Selection of new chemicals to be used in conditioned aversion for non-lethal predation control
Pedro María Mojíca
Antonio Juan García-Fernández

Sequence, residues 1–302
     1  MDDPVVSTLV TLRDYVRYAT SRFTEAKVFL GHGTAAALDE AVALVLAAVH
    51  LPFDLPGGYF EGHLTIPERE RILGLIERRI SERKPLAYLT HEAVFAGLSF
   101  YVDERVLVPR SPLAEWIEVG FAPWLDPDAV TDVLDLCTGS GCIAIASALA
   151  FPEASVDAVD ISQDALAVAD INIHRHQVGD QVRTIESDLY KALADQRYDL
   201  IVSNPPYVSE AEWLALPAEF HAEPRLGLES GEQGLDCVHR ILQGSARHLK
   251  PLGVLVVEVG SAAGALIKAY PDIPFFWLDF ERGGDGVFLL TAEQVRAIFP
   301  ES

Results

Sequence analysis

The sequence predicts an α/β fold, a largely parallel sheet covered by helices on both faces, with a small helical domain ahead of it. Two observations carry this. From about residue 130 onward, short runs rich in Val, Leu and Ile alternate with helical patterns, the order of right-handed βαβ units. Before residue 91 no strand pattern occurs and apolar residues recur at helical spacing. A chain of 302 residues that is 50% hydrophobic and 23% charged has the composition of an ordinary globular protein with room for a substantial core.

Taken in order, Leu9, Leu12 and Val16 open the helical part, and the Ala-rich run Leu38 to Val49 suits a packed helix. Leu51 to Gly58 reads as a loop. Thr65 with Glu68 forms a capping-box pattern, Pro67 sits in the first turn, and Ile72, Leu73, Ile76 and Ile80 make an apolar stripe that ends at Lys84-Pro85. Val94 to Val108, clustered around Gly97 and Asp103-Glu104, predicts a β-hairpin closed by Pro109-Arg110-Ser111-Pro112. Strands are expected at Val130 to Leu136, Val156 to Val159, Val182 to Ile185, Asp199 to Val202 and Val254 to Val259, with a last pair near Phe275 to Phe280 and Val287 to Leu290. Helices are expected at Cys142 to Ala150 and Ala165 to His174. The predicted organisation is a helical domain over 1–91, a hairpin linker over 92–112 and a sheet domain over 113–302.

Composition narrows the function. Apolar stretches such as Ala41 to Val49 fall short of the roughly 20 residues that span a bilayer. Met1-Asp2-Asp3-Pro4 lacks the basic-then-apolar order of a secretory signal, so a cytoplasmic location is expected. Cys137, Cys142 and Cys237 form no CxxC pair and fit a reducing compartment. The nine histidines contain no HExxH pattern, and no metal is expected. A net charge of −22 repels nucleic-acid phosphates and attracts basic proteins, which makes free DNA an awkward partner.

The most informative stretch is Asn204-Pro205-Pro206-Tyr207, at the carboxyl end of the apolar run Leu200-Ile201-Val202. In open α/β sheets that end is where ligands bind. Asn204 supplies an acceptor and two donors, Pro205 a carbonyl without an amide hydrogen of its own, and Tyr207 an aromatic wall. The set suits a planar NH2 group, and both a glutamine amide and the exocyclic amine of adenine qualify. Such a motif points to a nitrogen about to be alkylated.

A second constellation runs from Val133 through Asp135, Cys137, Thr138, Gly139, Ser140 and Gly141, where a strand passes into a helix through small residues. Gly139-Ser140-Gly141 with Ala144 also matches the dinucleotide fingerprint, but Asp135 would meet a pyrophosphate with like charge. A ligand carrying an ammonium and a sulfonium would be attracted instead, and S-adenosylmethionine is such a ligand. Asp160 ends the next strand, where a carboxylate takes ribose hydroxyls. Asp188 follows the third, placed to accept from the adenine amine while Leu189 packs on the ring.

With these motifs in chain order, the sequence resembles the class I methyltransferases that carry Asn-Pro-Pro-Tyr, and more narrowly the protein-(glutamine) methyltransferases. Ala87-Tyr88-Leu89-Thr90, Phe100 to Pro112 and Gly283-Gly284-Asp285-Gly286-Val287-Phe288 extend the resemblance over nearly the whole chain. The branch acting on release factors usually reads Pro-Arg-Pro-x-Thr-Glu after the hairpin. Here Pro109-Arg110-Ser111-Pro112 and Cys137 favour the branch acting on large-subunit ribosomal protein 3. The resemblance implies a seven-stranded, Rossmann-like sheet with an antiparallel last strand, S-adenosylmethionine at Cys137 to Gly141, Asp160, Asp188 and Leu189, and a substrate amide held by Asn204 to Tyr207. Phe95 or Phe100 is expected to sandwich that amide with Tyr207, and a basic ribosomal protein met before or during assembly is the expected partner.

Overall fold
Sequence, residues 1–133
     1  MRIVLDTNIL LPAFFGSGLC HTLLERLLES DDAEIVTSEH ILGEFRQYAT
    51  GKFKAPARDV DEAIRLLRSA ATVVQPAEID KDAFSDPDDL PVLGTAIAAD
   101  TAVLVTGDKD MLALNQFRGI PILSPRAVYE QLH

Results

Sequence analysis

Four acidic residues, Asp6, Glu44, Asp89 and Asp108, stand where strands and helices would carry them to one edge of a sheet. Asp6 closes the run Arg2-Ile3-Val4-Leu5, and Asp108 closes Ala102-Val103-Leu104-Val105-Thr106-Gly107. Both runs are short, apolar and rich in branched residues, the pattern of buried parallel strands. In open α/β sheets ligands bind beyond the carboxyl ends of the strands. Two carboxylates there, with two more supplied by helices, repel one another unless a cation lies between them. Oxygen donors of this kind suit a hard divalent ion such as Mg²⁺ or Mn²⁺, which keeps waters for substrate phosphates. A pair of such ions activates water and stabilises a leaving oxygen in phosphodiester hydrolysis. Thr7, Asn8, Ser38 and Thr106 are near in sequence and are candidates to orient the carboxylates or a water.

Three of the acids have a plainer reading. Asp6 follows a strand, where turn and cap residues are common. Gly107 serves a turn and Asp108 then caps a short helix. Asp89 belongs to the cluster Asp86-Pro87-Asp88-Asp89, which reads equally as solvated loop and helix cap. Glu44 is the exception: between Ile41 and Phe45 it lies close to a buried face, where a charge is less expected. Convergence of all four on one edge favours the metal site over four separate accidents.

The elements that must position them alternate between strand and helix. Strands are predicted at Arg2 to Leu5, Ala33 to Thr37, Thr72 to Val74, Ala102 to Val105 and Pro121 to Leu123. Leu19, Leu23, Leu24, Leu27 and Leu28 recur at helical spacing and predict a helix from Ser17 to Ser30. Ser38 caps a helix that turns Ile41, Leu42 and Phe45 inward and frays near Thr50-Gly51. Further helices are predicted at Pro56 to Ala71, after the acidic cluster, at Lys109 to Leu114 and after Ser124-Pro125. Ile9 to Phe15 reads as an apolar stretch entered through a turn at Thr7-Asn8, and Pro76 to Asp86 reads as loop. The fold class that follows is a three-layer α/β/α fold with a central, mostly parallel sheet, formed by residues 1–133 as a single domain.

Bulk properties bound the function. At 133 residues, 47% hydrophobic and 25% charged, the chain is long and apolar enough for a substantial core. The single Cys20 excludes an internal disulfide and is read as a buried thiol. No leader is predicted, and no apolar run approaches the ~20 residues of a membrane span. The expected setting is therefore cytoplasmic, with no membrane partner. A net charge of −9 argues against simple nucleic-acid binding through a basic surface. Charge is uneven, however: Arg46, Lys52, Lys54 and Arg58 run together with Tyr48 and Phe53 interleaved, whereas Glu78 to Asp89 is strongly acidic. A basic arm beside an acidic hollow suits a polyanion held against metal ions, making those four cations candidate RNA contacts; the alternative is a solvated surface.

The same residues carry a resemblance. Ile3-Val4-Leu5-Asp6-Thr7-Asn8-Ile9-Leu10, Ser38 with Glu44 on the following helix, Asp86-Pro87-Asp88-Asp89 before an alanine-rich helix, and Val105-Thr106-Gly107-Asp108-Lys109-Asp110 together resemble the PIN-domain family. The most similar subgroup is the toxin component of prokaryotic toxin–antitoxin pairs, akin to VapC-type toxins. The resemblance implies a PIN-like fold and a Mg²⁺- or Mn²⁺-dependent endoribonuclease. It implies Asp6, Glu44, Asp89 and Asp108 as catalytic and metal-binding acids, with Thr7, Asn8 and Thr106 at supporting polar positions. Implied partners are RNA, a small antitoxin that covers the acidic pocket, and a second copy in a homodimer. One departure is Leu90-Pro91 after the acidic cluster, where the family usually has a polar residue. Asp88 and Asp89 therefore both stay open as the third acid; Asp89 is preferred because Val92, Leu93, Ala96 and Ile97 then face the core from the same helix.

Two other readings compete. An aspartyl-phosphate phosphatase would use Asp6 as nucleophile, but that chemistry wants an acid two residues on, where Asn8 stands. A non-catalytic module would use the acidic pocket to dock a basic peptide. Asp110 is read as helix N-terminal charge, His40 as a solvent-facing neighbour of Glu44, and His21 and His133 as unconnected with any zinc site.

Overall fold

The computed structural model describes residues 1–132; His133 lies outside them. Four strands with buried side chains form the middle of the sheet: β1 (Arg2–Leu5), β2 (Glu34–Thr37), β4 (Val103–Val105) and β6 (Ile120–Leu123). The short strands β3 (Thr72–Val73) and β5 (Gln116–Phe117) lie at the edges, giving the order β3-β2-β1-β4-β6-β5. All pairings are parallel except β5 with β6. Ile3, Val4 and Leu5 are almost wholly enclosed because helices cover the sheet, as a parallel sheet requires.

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Globally, native predators and scavengers are threatened through the incidence of illegal poisoning due to increasing human-wildlife conflicts. The use of conditioned taste aversion (CTA) may mitigate such conflicts. CTA is a robust learning paradigm that occurs when animals associate a food with a discomfort induced by a chemical, thereby avoiding that food in subsequent encounters. We reviewed the potential of 167 chemical compounds to be used in CTA, considering effects, margin of safety, accessibility, and detectability. After the review, 15 compounds fulfilled the required characteristics, but only five (thiabendazole, thiram, levamisole, fluconazole and fluralaner) were finally selected to be tested in CTA assays with dogs. Of the tested compounds, thiabendazole, thiram and levamisole caused target food rejection by dogs and reduced the time spent eating during post-conditioning. However, despite being microencapsulated, levamisole appeared to be detectable by dogs, whereas thiram and thiabendazole were not. Fluconazole and fluralaner did not produce any CTA effect. Thiabendazole, thiram and levamisole can therefore induce CTA, and thus are potential candidates as aversive compounds for wildlife management. Thiram is an undetectable, relatively safe and accessible compound that can induce CTA in canids, and opens new possibilities to develop methods of non-lethal predation control.